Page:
Having your Arizona driver's license suspended is a serious matter and it is essential to adhere to State law in the event that your license is suspended. The three most important things to be aware of following a license suspension are:

  1. If your license has not already been taken away from you in court, you must surrender it to the Arizona Motor Vehicle Division. You can surrender your license in person at an MVD Office by mailing it to:
    Arizona Department of Transportation
    Motor Vehicle Division
    PO Box 2100
    Phoenix AZ 85001-2100    
  2. While your license is suspended, you are not permitted to drive. If you are found driving with a suspended license, you may be imprisoned for up to five years, and/or the length of your suspension may be increased.
  3. After your suspension is over, you will receive a written notice of restoration, with instructions on how to restore your license. Do not drive until you have completed the necessary steps and received a valid, replacement license from the Arizona MVD.
  4. You can also apply for a restricted driving permit. To find out if you are eligible, check here.


If you receive a Notice of Scheduled Suspension from the MVD, and you wish to challenge the suspension, you may request a hearing in court. To request a hearing, you will have to write to:

Mail Drop 507M
Executive Hearing Office
Motor Vehicle Division
PO Box 2100, Phoenix    

AZ 85001-2100

The letter must include your first, middle and last name, date of birth, license number, mailing address, home and business phones, and Case Number. An administrative law judge or the MVD Chief Administrator will hear your case, and determine whether your driver's license should be suspended or not. In addition, drivers whose license may be suspended due to accumulating excessive points may be eligible to enroll in a Driver Improvement Program. Completing a Driver Improvement Program removes three points from the current driving record, and in some cases can enable an individual to avoid having his license suspended.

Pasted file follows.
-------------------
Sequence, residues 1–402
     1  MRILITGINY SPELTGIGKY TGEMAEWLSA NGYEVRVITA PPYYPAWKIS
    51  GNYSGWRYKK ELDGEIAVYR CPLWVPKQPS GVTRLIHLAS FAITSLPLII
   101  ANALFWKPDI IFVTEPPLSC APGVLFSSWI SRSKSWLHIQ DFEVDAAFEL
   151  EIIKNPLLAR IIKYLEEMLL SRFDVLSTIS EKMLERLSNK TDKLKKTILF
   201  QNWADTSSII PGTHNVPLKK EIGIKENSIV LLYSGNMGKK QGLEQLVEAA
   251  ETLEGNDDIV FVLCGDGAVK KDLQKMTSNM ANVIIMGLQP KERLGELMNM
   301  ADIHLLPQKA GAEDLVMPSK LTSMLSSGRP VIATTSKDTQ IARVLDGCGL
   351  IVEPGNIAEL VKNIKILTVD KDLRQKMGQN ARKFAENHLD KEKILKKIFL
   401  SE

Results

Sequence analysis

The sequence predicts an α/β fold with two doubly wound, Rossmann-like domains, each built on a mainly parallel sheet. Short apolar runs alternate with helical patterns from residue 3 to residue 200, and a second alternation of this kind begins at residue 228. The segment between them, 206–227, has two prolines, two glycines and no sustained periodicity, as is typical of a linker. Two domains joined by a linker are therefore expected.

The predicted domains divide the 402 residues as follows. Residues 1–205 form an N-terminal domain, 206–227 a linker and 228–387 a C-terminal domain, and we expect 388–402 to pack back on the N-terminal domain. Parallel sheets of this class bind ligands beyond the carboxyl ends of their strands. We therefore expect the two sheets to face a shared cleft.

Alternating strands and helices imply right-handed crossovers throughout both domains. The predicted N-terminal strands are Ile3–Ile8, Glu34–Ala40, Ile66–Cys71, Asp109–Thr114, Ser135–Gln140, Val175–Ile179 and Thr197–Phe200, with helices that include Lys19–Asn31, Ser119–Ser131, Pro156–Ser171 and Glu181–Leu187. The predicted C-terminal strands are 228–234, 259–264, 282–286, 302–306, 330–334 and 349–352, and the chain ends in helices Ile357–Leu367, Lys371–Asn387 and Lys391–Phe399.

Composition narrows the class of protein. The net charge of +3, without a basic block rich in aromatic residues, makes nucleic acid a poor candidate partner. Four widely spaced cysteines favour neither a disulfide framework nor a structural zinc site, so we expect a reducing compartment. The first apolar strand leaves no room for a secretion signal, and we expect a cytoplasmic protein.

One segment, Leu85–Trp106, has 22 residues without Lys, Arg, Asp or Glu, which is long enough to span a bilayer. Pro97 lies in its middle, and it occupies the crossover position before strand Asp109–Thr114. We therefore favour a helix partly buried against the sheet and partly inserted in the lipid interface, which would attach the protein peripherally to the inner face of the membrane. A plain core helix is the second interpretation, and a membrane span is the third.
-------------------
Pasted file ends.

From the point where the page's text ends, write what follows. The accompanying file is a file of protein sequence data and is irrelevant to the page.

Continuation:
You will receive a Notice of Restoration from the MVD after you have completed your suspension period. The notice will include complete instructions regarding how to get your license back. Generally, you will need to:

  1. Pay a restoration fee between $10-$50. The fee can be paid online or in person at a MVD Office. You can also mail a check or money order payable to:
    Arizona Department of Transportation
    Motor Vehicle Division
    P.O. Box 2100
    Phoenix AZ  85001-2100    
  2. Apply for a standard license renewal to obtain a new license.
  3. In some cases your insurance company will have to submit an SR-22 certificate to the MVD before you get your license reinstated.
  4. It is more difficult to reinstate a revocation. Your driving record will be investigated before the MVD grants you a new license. You will have to telephone the MVD and ask for an Investigation Packet to start the processing.

Note that after you license is restored, you will be subject to a Mandatory Probation Period of one year, during which any new violations may result in an additional suspension of your Arizona driver's license.